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An era that's meant to wear noir

September 24, 2006|Thomas de Zengotita | THOMAS DE ZENGOTITA, a contributing editor at Harper's Magazine, is the author of "Mediated," which won the 2006 Marshall McLuhan Award for outstanding work in media ecology.

I CAN'T GET enough of movies like "The Black Dahlia." Even when they are mediocre, I'm still enthralled by the ethnographic details -- the clothes, the cars, the furnishings, the ballet of cigarette behavior. If you grew up in the immediate postwar era, as I did, such details evoke a world that feels more real than our current one. Memory supplies a texture that supplements these movies, lending them an aura of depth unique to the genre.

That's why movies like "The Black Dahlia" gravitate so naturally to noir -- to an atmosphere that hints at unspeakable secrets, hidden in the recesses of time and mind but that continues to shape events. The rituals of disclosure -- a glimpse of a half-completed gesture through a half-opened door, old snapshots in a shoebox, a file of yellowing newspaper clippings in a dusty archive -- simulate an excavation of your own unconscious. It's like an allegory of psychoanalysis -- the old-fashioned, four-days-a-week-on-the-couch kind -- in which situations and sensations that shaped your life are finally brought to light.

That's why sexual shenanigans -- the kinkier the better -- are essential to these postwar period films. They are stand-ins for whatever introduced you to sex back in the day. Even if it was just ordinary stuff -- necking, petting -- that seems so utterly tame by today's standards. Which is precisely the point. Back when sexuality was shrouded in mystery and taboo, the thrills of exposure to it were correspondingly intense. In today's environment, saturated with hard-core porn, on the one hand, and clinical sex-education demos, on the other, a period piece such as "The Black Dahlia" has to reach for extremes to compete in shock value.

Which explains the added intensity of the charge that attaches to women's clothes in these period movies. That's how women looked when you started looking.

But sleaze suffuses these films -- and it's not just the sexual kind. Corruption is everywhere. Even the heroes have to be implicated to be credible. Otherwise, it isn't noir. Otherwise, you couldn't identify your own compromised life with theirs.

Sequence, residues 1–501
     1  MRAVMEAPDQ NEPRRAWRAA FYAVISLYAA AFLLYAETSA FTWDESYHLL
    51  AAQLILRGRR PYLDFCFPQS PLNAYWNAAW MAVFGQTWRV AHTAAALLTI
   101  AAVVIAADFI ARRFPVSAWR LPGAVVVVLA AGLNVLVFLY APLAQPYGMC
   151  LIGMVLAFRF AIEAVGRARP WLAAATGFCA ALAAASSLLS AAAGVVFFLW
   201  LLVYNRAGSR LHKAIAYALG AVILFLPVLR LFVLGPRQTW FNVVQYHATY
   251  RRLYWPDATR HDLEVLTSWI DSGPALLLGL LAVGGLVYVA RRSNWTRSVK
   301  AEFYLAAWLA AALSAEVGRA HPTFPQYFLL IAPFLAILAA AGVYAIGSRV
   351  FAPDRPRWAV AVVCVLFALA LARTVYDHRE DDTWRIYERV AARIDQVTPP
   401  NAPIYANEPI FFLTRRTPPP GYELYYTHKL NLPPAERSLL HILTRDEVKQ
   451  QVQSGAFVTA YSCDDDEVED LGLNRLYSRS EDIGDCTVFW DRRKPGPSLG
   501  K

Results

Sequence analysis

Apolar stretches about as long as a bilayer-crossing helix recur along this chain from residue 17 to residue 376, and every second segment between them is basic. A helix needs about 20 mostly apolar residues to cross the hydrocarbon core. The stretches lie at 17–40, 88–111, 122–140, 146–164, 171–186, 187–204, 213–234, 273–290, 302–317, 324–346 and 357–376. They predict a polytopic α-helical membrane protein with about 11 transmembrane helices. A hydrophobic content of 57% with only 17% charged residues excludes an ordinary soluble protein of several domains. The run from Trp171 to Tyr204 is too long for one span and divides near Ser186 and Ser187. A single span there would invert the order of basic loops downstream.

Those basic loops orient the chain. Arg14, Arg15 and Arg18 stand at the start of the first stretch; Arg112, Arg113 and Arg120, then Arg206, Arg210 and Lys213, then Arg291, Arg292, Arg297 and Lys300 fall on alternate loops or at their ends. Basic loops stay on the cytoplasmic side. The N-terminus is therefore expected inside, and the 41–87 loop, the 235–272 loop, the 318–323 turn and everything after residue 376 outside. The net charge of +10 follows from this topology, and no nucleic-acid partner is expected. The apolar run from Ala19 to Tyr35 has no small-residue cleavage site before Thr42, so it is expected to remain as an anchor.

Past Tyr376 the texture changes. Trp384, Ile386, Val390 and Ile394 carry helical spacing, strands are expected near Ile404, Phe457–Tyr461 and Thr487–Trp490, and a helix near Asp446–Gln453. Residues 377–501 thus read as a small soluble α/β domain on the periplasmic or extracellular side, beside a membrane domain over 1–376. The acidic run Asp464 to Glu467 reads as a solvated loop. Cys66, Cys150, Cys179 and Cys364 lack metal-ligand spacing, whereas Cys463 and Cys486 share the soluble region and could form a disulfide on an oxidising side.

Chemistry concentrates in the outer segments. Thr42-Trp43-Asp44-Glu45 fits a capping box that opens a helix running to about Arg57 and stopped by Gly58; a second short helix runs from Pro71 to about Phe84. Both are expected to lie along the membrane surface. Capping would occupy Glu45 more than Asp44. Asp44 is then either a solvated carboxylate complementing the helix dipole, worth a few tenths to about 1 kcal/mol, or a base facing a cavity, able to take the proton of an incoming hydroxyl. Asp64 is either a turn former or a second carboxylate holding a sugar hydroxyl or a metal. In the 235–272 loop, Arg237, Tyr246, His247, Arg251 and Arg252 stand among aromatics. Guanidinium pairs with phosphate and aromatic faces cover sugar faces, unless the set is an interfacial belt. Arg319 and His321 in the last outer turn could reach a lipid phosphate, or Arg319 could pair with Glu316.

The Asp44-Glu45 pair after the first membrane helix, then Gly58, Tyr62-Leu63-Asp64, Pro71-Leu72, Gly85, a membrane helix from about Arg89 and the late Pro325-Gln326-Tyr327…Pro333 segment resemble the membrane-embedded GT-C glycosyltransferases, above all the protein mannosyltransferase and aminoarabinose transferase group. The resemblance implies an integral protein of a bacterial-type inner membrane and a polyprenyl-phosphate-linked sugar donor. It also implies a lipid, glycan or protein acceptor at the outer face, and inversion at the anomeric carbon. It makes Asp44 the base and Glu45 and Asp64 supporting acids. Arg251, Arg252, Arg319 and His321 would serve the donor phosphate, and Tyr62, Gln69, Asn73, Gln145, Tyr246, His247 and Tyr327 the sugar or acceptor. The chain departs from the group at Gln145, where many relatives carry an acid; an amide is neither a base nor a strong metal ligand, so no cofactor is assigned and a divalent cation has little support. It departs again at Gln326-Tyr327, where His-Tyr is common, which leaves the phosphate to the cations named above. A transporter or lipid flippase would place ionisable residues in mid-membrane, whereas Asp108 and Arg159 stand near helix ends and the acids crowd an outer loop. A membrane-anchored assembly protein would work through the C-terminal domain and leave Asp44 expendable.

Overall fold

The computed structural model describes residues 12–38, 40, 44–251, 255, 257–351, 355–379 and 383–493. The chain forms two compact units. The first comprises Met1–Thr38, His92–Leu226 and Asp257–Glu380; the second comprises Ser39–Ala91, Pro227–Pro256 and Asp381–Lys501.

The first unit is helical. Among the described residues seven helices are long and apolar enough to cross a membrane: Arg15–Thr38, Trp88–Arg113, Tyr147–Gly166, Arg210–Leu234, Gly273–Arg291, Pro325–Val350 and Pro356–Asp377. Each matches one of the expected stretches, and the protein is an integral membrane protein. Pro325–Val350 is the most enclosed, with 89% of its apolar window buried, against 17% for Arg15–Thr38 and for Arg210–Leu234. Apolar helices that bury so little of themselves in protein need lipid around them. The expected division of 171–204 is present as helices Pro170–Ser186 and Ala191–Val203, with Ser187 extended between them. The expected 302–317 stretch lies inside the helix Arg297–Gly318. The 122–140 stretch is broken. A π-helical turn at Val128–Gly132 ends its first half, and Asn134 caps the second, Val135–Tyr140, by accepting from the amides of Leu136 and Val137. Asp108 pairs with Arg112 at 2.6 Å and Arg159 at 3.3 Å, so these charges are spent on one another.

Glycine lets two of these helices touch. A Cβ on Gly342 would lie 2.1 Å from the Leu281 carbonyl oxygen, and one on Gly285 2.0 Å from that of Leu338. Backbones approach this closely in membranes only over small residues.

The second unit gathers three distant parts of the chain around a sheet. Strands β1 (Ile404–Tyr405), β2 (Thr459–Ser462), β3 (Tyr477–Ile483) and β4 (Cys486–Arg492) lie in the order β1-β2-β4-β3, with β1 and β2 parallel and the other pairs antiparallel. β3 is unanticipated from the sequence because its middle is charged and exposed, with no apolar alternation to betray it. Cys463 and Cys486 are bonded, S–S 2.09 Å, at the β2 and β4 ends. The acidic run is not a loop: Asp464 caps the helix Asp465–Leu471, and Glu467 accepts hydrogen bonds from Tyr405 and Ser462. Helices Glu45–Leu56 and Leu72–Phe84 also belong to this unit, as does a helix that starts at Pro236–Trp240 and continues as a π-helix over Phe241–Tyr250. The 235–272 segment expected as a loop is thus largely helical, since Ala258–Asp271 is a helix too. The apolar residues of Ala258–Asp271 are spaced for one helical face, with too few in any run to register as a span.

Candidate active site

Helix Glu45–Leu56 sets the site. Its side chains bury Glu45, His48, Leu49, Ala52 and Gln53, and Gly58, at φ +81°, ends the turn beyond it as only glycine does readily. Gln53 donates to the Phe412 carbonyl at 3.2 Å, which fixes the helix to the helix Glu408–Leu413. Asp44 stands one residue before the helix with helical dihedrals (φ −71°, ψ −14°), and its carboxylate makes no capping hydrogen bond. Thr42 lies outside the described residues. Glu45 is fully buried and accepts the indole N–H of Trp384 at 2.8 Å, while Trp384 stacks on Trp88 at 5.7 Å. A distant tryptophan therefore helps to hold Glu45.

What's simulated in these period movies is the way the scales fell from our eyes in the 1960s and 1970s when we looked back at the world of "Leave It to Beaver" and "Father Knows Best" and realized that it had all been a sham, a mask for racism, sexism and homophobia at home and imperial adventures abroad. Those of us who grew up in the postwar era and were transformed by the 1960s felt, above all, profoundly betrayed by that facade.

That's what makes revelations of corruption so especially delicious in these movies. As with the kinky sex, so with the sadistic cop in his sweeping fedora and the scheming mogul with politicians in the pocket of his silken smoking jacket -- the grown-ups being outed all over again.

There are plenty of movies about corruption in business and government set in more recent times, and they offer their particular pleasures as well. But the corruption in them never feels as luridly exposed as it does when the grifters are dressed like your parents and their friends on the first few pages of your family album.

"Chinatown" is the archetype, of course. It will always set the standard. Jack Nicholson, John Huston, Faye Dunaway, the whole supporting cast -- they brought the genre's renaissance to full realization with perfect pitch and nuance, in settings since unmatched for lived-in precision. With "L.A. Confidential" and "Mulholland Drive," a hyper-realism creeps into the genre, the David Lynch "Blue Velvet" touch, as it were. By the time you get to "Hollywoodland," self-consciousness threatens to overwhelm the whole enterprise. Props begin to look like exhibits. Actors with indelibly contemporary manners look like they're playing dress-up or, even more disconcertingly, showing off some newly fashionable retro item they just picked up at a flea market.

But I don't mind. I'm a fan to the end.

I am curious about one thing, though. What do people who didn't live through the late 1940s and the 1950s make of these noir movies?

I have a hypothesis: They make pretty much what I make of them, only at one remove -- a very interesting remove.

They grew up watching "The Donna Reed Show" and "I Love Lucy" on "Nick at Night," after all. And, when you think about it, they've seen all kinds of movies that date from that era, and many of them have some 1950s music on their iPods. Compared to what I know about the 1920s, they know a great deal about the 1950s, enough to have a feel for the decade, a sense of its ethos -- and also for what became of it. In general, they understand that "the '50s" stands for a golden age of national innocence that turned out not to be so golden -- but something you can still be nostalgic about even if you never directly experienced it.

Maybe even more so, because nowadays "the '50s" basically means nostalgia. The more bogus, the better. "The '50s" is a brand, and that's what the brand means.

The noir renaissance and postmodern irony. A perfect fit.

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